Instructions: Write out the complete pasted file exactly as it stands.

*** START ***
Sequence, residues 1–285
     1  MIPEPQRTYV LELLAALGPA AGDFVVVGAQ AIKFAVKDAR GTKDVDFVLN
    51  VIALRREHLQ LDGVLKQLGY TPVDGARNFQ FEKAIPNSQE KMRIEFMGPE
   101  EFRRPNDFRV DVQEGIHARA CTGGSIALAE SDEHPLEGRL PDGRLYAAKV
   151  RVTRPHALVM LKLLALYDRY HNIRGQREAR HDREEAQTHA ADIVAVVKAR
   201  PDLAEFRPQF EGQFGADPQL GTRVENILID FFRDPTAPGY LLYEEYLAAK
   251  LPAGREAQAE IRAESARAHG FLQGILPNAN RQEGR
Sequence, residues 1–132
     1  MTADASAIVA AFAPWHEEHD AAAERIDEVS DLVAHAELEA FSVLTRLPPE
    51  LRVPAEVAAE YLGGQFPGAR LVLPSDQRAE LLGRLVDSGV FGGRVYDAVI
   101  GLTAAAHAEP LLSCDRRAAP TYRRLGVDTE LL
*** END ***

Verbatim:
Sequence, residues 1–285
     1  MIPEPQRTYV LELLAALGPA AGDFVVVGAQ AIKFAVKDAR GTKDVDFVLN
    51  VIALRREHLQ LDGVLKQLGY TPVDGARNFQ FEKAIPNSQE KMRIEFMGPE
   101  EFRRPNDFRV DVQEGIHARA CTGGSIALAE SDEHPLEGRL PDGRLYAAKV
   151  RVTRPHALVM LKLLALYDRY HNIRGQREAR HDREEAQTHA ADIVAVVKAR
   201  PDLAEFRPQF EGQFGADPQL GTRVENILID FFRDPTAPGY LLYEEYLAAK
   251  LPAGREAQAE IRAESARAHG FLQGILPNAN RQEGR
Sequence, residues 1–132
     1  MTADASAIVA AFAPWHEEHD AAAERIDEVS DLVAHAELEA FSVLTRLPPE
    51  LRVPAEVAAE YLGGQFPGAR LVLPSDQRAE LLGRLVDSGV FGGRVYDAVI
   101  GLTAAAHAEP LLSCDRRAAP TYRRLGVDTE LL